Obviously the best option is to find a metric which is not lagging. Another idea would be to find an “alternating” mode f.ex. if I have my App shipped, I start working on the website as long as my metric is collecting data for the App. During development of the Website, I plan the next release of the App but I don’t start development before the new Website is released (and then reverse and so on).

    Any other bright ideas or recommendations?

    • Roman Pichler

      Hi Christian, Thanks for your comment. You are absolutely right: there are some goals where goal achievement can only be determined after the release. If, for example, your goal is to acquire new users, then I recommend stating how many new users in which market or segment you want to acquire and how soon after the release date you expect to meet the target. Additionally, gather feedback and data on the product increments you create to get an indicator if you are likely to meet your goal or not. Does this help?

  4. Scrum Sprint

    Hi Roman Pichler, Thank you for introduce good project management tool.
    This is very nice tool.We are also develop one project management tool “quickscrum” .so your valuable input will become very help ful to us.

  5. Gab

    Thanks for sharing this great idea!
    For me, it’s important to have a set of tools like GO, Product Canvas, Backlog or Vision Board, which do not compete with each other. So I try to focus on the questions: which tool for what purpose and for what not?

    • Roman Pichler

      Hi Gab, Thanks for your feedback and your great questions. I have planned to write a couple of post that should answer your question properly. But to give you a brief answer now, here is what I do:

      I use the Vision Board for brand-new products and for major product updates – updates that change the customer segment/target group, the need/value proposition, or the business model. I use a product roadmap to show how the vision could be attained, and what the next two to four major releases may look like. The Product Canvas provides the details to create a major release/product update, the personas, the journeys, the functionality, the visual design, and nonfunctional properties.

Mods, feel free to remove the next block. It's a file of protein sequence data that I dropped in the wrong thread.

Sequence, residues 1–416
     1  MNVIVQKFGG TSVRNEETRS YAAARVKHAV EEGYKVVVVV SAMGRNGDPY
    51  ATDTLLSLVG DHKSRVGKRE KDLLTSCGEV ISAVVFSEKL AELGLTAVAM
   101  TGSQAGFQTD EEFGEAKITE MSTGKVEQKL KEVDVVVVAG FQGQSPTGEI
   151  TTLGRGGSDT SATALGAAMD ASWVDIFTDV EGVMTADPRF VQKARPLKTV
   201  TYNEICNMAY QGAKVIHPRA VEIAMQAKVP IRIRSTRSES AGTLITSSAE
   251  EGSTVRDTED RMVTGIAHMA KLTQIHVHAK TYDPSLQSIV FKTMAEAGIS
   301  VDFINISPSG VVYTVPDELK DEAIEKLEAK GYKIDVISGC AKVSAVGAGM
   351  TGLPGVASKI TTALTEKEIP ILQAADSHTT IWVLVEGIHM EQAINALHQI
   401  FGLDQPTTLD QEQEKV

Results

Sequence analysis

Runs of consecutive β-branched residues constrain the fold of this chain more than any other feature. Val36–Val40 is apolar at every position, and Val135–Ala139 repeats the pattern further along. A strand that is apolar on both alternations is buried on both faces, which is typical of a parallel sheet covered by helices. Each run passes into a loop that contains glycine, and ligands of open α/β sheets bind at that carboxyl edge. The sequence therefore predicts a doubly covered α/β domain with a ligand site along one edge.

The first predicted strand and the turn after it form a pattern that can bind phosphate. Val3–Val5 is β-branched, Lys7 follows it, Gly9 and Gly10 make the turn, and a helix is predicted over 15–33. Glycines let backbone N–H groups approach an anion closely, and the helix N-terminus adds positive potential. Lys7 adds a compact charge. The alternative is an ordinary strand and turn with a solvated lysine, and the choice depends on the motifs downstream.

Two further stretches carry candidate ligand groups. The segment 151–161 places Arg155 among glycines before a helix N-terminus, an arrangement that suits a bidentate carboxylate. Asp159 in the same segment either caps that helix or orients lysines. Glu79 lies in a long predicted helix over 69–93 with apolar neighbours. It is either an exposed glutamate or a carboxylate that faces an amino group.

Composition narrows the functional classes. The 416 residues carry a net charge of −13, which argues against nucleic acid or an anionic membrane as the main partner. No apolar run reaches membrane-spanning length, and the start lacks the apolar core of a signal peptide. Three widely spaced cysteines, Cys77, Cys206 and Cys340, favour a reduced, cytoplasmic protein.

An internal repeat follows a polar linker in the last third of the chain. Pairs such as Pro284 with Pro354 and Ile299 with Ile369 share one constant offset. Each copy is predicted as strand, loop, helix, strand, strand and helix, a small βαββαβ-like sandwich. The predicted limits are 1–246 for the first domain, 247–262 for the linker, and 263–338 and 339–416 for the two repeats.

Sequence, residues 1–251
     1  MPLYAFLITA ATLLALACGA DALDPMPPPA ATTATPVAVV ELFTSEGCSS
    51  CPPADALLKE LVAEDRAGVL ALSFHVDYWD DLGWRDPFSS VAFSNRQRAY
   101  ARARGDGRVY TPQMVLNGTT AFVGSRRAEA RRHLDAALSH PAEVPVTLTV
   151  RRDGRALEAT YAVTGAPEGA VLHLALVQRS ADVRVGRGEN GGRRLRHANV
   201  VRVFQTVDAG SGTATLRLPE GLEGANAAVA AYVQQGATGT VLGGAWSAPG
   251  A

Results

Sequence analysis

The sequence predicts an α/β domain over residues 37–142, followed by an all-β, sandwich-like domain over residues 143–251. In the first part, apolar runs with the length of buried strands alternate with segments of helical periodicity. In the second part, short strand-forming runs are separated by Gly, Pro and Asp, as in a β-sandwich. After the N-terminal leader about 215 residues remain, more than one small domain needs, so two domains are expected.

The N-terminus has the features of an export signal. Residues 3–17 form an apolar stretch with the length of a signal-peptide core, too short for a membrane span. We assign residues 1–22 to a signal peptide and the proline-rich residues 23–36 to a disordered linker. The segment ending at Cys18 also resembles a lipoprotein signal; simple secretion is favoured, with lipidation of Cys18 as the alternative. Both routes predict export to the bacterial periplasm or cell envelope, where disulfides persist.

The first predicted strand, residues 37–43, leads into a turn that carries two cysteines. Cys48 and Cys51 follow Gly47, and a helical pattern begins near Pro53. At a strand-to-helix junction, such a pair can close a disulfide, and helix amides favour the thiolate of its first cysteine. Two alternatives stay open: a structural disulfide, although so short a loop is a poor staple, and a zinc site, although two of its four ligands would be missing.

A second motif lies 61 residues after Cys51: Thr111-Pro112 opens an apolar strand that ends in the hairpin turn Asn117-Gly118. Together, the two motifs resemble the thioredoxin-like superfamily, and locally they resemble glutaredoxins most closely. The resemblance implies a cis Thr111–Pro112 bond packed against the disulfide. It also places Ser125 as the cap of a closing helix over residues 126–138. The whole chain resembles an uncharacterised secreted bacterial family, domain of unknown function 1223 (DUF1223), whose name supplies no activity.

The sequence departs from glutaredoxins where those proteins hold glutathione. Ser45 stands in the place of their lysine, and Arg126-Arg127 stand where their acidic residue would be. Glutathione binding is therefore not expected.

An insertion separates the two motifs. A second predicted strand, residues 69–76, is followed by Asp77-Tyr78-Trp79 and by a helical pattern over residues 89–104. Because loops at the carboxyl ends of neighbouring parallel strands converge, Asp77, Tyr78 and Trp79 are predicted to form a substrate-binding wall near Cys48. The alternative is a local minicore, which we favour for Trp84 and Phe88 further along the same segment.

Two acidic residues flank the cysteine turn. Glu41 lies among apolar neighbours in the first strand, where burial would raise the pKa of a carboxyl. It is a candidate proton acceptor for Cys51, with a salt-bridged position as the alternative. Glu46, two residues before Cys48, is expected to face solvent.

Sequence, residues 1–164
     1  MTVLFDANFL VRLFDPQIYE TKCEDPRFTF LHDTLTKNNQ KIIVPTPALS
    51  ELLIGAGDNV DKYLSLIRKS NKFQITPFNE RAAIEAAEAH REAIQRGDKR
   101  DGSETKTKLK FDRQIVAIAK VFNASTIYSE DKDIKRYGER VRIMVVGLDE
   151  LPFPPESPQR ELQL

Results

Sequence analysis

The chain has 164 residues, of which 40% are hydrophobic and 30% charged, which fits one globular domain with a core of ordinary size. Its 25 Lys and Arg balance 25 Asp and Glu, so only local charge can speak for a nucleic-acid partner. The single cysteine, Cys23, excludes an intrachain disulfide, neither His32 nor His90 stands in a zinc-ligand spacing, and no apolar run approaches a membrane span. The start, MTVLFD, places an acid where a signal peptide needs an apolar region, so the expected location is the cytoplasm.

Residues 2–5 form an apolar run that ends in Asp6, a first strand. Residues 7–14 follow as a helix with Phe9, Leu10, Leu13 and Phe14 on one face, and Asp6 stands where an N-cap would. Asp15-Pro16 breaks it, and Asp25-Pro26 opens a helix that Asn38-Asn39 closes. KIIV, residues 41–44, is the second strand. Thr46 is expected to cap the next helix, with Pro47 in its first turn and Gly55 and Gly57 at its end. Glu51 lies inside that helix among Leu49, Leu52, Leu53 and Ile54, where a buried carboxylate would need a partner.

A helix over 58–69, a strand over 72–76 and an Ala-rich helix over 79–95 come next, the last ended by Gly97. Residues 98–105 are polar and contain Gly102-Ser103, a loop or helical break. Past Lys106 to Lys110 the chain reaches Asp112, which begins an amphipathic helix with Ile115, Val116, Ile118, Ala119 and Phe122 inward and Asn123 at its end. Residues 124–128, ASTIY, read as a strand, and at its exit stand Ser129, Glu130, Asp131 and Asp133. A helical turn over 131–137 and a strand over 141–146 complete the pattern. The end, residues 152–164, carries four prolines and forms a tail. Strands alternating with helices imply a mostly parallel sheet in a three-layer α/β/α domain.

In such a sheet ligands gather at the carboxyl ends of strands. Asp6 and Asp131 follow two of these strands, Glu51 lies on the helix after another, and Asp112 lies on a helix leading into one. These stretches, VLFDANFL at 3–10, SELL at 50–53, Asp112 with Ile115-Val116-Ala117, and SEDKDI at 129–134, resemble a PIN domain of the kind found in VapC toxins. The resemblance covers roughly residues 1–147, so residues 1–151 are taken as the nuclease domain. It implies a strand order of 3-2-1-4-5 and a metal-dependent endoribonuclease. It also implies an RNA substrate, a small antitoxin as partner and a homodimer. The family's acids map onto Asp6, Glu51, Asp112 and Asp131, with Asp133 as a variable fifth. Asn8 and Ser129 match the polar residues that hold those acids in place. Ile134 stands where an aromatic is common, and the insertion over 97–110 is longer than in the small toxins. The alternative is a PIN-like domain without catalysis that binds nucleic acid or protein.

In the example in my post, the sequence of creating the different artefacts would be: Vision Board -> GO Product Roadmap -> Product Canvas -> Version 1.

      Does this help?

      • Gab

        Hello Roman,
        thanks a lot. As in my case, we have a huge initial backlog, which is terrible. So I think about using a backlog map (http://www.agileproductdesign.com/blog/the_new_backlog.html) for reducing and focussing the backlog.
        In this case, my sequence will be:

        Vision Board -> Backlog Map -> GO Product Roadmap -> Product Canvas -> Version 1.

        • Roman Pichler

          Hi Gab, Alternatively, you may want to consider starting with a new Product Canvas/product backlog/story map, which is derived from the roadmap and focusses on meeting the next release goal. I find it helpful to keep the Product Canvas/product backlog focussed and concise: http://www.romanpichler.com/blog/top-ten-product-backlog-tips/

      • Gab

        P.S.:
        I’m looking forward for your posts 😉

        • Roman Pichler

          Thanks!

    • Laura

      Roman–do you have a B2B example of a go product roadmap?

      • Roman Pichler

        Yes I do 🙂 But what prevents you from applying the GO format to your B2B product?